Steele makes the point that innovations from the free market (such as the fast food industry) can also be applied to save money and improve quality in health care.
He notes that:
...[T]he Aravind Eye Care System has become the largest provider of eye care in the world. They perform hundreds of thousands of cataract surgeries a year, restoring sight to millions of people.Steele's article also links to this TED talk about the Aravind Eye Care System:
For the poorest of the poor, their services are the difference between starvation and a job, misery and dignity, death and life.
The inspiration of their model is not the Harvard Medical School or Johns Hopkins. It's McDonald's.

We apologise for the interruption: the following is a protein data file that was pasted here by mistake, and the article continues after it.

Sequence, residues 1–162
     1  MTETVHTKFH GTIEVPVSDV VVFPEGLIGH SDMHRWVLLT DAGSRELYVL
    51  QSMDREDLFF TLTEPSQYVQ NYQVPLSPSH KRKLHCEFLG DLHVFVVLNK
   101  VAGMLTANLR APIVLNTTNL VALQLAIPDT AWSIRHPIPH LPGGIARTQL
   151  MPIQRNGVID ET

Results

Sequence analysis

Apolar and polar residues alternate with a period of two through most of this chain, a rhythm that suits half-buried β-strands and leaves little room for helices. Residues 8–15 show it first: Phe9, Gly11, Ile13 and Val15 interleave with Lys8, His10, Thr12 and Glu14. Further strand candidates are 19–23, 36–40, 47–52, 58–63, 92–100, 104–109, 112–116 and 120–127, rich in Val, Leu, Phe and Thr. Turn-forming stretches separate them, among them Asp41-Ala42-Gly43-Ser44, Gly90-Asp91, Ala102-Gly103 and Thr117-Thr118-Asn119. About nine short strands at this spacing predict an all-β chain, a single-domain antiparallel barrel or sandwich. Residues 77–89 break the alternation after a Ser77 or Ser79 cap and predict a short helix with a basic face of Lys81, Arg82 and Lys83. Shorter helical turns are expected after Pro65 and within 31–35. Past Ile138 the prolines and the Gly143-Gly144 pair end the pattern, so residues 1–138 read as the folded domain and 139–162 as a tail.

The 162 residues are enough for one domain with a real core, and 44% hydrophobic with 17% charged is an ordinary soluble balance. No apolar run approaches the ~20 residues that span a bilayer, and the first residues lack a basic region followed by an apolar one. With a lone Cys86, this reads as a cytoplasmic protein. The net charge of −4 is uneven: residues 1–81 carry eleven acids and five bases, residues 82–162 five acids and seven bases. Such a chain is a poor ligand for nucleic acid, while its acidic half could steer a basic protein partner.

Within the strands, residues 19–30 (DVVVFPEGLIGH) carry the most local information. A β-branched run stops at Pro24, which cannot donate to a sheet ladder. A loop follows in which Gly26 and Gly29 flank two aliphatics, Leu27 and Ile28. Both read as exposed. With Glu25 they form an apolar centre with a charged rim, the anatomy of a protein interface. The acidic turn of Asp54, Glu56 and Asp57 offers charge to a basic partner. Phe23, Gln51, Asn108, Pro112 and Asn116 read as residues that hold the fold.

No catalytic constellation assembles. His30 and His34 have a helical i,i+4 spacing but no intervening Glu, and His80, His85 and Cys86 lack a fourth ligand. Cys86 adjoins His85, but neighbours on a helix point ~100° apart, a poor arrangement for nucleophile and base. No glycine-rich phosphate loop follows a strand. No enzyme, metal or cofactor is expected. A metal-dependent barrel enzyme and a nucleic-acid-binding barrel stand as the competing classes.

Unfortunately, the article doesn't go far in enough in advocating privatization of Canada's current government-run system. In particular, if a government-run system attempted to create a network of such clinics, they would likely become ossified bureaucratic dinosaurs in short order -- precisely because the clinics would no longer have the freedom to innovate and respond to market forces in the same fashion as if they were privately owned.
But if the article gets people thinking more broadly about the merits of private-vs.-government health care, it will be a good start.
(Read the full text of "What the health care system can learn from McDonald's". Link via R.B.)